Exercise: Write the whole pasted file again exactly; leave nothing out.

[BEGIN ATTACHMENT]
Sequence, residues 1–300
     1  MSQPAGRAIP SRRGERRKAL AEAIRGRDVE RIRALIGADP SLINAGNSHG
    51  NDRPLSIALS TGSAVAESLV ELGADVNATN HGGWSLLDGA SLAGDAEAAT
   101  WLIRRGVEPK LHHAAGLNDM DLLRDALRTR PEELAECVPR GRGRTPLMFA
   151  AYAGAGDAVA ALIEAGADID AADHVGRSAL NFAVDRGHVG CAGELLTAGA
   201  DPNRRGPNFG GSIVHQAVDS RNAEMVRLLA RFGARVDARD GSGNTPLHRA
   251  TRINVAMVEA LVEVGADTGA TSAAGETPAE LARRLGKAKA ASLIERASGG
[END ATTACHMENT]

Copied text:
Sequence, residues 1–300
     1  MSQPAGRAIP SRRGERRKAL AEAIRGRDVE RIRALIGADP SLINAGNSHG
    51  NDRPLSIALS TGSAVAESLV ELGADVNATN HGGWSLLDGA SLAGDAEAAT
   101  WLIRRGVEPK LHHAAGLNDM DLLRDALRTR PEELAECVPR GRGRTPLMFA
   151  AYAGAGDAVA ALIEAGADID AADHVGRSAL NFAVDRGHVG CAGELLTAGA
   201  DPNRRGPNFG GSIVHQAVDS RNAEMVRLLA RFGARVDARD GSGNTPLHRA
   251  TRINVAMVEA LVEVGADTGA TSAAGETPAE LARRLGKAKA ASLIERASGG